Upon arrival, myself and four PPP research assistants were mobbed by smiling faces.

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We created three laminated posters with photographs of animals from our camera traps to hang on the walls of the crèche. We made a predator themed poster, a prey themed poster and an animal alphabet poster. These were also shared at the landowners’ braai days before. We did a presentation to the children where we talked about the animals. Fredericka helped to translate what we were saying into Pedi.


Although the crèche is in close proximity to the Blouberg Mountain where animals like leopards, hyaenas, impala and baboons live, the children of the community have very little exposure to them. We hope that by seeing the photos on their wall they will learn more about the biodiversity of the area and become more aware of the wildlife. Below is the view of the mountain from the crèche’s vegetable garden.


In order to teach the children how the photos on the poster were taken we set up two camera traps in the playground and let the kids run around in front of them. We then showed them the photos on a computer.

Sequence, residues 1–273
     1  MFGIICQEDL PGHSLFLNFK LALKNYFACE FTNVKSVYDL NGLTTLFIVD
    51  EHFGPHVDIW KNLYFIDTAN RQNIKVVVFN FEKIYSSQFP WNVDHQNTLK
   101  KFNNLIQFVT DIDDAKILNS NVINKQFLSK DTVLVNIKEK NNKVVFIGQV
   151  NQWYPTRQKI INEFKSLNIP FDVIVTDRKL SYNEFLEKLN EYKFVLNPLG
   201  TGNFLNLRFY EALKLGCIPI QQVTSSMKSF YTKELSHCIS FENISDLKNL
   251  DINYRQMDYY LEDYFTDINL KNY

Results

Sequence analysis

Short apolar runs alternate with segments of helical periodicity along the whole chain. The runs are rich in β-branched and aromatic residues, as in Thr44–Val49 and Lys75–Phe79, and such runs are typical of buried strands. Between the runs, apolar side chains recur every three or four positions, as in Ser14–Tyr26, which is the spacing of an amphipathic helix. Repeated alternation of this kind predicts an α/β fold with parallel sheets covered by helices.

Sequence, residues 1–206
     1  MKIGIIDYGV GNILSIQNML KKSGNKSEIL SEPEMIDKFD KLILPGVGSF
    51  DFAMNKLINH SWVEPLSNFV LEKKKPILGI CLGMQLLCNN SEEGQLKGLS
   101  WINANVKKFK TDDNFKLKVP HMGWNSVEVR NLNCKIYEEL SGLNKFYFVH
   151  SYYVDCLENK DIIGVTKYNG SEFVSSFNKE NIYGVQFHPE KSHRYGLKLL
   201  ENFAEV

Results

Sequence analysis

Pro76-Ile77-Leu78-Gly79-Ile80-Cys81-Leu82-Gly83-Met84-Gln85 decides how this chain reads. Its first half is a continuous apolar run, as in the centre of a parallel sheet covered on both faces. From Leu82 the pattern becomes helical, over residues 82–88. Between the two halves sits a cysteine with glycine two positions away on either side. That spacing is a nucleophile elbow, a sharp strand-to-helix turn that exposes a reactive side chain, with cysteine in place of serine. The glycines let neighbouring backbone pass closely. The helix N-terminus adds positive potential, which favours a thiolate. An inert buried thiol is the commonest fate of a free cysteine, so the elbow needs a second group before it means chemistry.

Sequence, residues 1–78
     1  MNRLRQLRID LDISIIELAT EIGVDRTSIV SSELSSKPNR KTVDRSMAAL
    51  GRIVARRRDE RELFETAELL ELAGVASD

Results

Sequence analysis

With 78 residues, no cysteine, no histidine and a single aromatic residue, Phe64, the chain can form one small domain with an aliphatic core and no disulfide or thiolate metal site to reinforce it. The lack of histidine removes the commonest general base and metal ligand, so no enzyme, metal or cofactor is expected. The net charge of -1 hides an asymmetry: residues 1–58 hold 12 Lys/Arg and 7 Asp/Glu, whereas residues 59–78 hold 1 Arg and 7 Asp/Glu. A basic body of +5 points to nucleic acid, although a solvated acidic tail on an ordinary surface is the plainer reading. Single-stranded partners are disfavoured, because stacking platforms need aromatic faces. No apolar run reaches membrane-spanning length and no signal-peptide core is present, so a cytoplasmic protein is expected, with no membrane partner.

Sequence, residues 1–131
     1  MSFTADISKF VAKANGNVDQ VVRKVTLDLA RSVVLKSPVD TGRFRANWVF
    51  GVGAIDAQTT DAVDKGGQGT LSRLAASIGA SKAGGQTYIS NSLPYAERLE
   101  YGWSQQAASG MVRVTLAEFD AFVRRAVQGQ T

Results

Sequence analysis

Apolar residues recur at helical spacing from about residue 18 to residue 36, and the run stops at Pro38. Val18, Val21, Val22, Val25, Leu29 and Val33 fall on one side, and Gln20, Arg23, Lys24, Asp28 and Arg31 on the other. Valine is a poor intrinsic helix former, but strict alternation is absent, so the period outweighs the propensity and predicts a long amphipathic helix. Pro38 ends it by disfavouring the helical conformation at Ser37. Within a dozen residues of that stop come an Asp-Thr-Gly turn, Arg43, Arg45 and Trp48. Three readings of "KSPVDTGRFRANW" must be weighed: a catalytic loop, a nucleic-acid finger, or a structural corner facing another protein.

To finish the day off we played a running around game with the kids and did animal face painting.




The research assistants didn’t want to miss out on getting their faces painted too. Here’s Marion the leopard.


Below is the PPP researchers with the crèche staff and children in a ‘Where’s Wally?’ style photo.


As well as hopefully helping the children gain a more positive and informed view of wildlife, I think the assistants learned a lot about life off the mountain and I think Retha would have been pleased that the engagement she campaigned so hard for has continued through the Primate and Predator Project.